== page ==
The Strongest Impression

Cathyann Burgess enthuses about “a medium beyond compare.” Photo by Paul Stebner

Like a teenager of any generation, Cathy Burgess was impressionable. Doubly so: she had her most important youthful epiphany at the Museum of Modern Art.

Fifty years ago, at age 16, she visited MoMA thanks to a summer art scholarship she’d received from her Brooklyn high school. “I encountered three paintings that changed my whole outlook on art,” says Burgess. Those canvases seemed to capture the touchstones of 20th-century art — Picasso’s 1937 Guernica (since repatriated to Spain), Pavel Tchelitchew’s similarly anti-war-themed Hide and Seek from 1940, and Yves Tanguy’s Surrealist The Furniture of Time, from 1939.

“I sat in front of them immobilized with a friend,” recalls Burgess. “I think that was what one calls an ‘aesthetic experience.’”

Grand Finale

The experience still resonates in her work today, although her images aren’t drawn from the turbulence of global conflict like those seminal works. Her parents, in fact, fled Malta during World War II to settle in New York, where Burgess was born. Her non-figurative landscapes in pastel or oil, with their softer, nature-inspired palettes of blues, greens, yellows, and muted whites, soothe rather than startle. “I’ve been drawing as long as I can remember,” says Burgess, adding that she had already begun to consider herself an artist by the time she made that fateful trip to MoMA, though there was no family tradition in the arts.

“The only trait, I think, that comes from being of Maltese heritage is perseverance,” she decides. “Some of my intimates also call it ‘stubborn.’” But it was her good fortune to grow up in New York, where some of the world’s greatest art was just a subway ride away. Burgess eventually received her Masters in art from SUNY Buffalo and taught in various schools before retiring to Hendersonville in 2015.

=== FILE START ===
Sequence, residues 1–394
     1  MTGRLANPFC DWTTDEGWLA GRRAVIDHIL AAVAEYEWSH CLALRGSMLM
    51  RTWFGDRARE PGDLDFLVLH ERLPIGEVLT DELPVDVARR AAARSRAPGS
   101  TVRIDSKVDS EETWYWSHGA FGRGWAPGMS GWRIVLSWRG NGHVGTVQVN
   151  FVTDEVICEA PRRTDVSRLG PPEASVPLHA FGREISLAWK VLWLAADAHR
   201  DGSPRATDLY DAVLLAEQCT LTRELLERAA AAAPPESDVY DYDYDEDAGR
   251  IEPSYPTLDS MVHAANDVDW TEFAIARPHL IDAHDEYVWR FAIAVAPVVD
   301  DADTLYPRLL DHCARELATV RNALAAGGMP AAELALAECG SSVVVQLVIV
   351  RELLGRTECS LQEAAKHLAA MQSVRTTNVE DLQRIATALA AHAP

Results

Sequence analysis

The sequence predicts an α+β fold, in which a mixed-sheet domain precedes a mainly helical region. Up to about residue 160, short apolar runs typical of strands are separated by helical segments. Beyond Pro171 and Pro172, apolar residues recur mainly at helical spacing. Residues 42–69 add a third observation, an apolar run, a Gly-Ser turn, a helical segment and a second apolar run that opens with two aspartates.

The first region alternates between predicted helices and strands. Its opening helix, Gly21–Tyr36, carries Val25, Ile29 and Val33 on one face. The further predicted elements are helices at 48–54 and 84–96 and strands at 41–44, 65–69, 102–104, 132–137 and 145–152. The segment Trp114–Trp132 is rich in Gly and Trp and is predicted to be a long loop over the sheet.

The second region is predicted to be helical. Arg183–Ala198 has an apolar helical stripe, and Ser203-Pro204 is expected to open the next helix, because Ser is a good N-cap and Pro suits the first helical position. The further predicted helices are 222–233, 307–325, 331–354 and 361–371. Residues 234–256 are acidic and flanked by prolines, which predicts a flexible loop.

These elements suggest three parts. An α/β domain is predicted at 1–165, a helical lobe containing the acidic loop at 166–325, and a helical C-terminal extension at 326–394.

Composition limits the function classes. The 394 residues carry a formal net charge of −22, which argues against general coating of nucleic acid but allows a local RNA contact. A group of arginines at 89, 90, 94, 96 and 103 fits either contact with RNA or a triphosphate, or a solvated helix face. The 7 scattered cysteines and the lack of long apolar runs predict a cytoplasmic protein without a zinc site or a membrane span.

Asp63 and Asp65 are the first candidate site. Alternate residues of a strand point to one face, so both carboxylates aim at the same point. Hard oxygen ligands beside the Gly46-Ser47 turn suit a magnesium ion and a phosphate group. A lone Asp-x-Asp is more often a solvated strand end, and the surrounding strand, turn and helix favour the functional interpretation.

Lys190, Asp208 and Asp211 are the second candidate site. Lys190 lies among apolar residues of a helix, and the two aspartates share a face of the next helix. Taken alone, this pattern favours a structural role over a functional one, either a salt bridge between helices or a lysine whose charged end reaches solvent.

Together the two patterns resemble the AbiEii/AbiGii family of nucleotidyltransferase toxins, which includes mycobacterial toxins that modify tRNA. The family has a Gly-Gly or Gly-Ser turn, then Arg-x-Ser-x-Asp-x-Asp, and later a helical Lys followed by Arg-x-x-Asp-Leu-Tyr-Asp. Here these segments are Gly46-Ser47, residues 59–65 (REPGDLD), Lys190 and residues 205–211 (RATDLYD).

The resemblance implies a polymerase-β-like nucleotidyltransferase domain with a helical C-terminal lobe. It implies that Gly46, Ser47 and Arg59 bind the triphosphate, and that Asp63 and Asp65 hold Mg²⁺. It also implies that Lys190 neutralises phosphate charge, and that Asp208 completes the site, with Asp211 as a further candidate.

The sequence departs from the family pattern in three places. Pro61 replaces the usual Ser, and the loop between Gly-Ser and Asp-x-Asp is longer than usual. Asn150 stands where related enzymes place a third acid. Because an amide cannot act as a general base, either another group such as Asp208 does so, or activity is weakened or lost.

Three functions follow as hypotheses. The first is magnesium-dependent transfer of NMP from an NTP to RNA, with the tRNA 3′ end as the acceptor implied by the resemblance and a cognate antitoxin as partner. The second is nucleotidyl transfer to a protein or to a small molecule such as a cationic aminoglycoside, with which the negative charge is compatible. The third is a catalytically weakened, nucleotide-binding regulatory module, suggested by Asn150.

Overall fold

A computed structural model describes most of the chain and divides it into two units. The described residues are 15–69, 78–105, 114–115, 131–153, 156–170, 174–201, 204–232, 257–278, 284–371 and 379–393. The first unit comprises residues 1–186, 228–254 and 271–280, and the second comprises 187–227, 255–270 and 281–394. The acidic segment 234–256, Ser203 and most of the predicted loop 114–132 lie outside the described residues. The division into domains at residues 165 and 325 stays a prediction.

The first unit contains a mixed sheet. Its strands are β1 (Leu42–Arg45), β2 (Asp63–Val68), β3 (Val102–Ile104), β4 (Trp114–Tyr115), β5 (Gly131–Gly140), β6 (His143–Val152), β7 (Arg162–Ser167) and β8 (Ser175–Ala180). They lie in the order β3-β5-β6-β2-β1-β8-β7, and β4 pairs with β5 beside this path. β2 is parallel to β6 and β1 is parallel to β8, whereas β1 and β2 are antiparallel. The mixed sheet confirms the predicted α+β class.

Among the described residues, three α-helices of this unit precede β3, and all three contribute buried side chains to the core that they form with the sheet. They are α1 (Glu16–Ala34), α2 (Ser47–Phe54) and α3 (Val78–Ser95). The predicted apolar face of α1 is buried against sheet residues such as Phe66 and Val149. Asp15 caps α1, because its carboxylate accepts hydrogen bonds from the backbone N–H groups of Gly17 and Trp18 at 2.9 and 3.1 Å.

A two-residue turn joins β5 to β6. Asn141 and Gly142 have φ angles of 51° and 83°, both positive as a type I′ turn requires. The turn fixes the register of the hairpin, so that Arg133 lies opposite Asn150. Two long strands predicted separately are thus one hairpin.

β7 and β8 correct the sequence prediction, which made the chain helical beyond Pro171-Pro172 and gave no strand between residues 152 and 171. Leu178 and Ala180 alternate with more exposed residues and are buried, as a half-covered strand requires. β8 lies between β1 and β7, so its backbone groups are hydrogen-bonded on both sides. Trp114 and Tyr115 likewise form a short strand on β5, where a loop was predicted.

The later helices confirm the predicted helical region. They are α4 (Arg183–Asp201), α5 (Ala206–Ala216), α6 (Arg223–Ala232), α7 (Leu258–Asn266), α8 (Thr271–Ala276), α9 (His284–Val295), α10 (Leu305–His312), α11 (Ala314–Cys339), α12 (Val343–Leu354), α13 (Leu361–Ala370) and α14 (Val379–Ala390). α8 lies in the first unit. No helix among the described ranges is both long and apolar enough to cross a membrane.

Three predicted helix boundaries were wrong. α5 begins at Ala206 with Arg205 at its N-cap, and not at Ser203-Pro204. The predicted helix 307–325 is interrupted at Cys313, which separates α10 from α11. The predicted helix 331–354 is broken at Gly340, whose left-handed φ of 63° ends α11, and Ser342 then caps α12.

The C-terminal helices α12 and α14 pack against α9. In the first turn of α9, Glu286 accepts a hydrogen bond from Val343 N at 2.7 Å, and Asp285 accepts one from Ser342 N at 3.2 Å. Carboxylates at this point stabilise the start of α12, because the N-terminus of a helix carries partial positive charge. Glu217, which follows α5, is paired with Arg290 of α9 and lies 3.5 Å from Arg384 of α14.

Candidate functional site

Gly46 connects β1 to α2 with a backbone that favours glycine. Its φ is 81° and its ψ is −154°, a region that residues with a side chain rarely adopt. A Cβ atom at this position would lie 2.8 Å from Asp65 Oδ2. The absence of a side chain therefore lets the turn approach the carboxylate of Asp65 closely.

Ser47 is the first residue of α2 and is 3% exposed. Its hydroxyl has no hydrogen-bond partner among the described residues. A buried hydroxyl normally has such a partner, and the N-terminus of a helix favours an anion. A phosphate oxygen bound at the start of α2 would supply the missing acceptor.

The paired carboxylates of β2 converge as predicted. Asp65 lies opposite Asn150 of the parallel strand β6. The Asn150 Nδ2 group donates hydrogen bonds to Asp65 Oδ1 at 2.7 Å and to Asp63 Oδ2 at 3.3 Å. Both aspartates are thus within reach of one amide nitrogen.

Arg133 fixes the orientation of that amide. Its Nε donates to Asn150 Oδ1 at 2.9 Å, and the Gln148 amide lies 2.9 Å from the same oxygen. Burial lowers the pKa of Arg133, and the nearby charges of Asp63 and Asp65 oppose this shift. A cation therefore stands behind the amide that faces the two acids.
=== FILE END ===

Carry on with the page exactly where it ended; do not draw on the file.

With a more settled lifestyle after their earlier itinerant years of marriage — her husband worked as a frequently reassigned Federal government executive — Burgess turned from full-time teaching to becoming a student again, notably studying with the American portraitist John Nelson Shanks, whose best-known work is his 1996 portrait of a contemplative Princess Diana, completed just a year before her death. “What I learned about color from him was invaluable,” says Burgess, who also cites John Singer Sargent as an influence, for his en plein air landscapes, not his more widely known portraits of Gilded Age society. In the former, she is awed by his strong abstract design. “Such simplicity,” she says, “is not easily attained.”

Winter Dunes

In her own world, she is best known for her pastels, though she sometimes works in oils. Burgess’s first sale as an artist was for a portrait in pastel; more recently, she served as program chair of the Appalachian Pastel Society. She favors soft pastels for their purer pigment, producing a more brilliantly colored work with suggestive, near-Impressionist lines. “I like to draw, and pastel is immediate in its facility … the colors are already in their value ranges, which makes the working process much faster in some respects,” she explains. She uses pastels, too, to develop composition and color studies for her oil paintings, but she is a strong proponent of pastel as an important medium on its own.

“The one thing pastellists want critics to know is that it’s a painter’s medium beyond compare when it comes to longevity.” Pastel, she further declares, retains its “original state of brilliance” long after an aging oil painting has started to yellow.

Burgess’s works in pastel and oil have been widely exhibited in the Southeast, most recently in the juried exhibit On Common Ground in Greensboro and with Tryon Painters & Sculptors. She has resumed a private teaching schedule in pastels, oils, and cold wax. “It’s a calling I respond to with enthusiasm, when I’m invited,” she says. “I still delight in seeing the light go on in my students’ eyes.”

Cathyann Burgess is represented by Woodlands Gallery (419 North Main St., Hendersonville) and Asheville Gallery of Art (82 Patton Ave.). For more information, call 804-833-7903 or see

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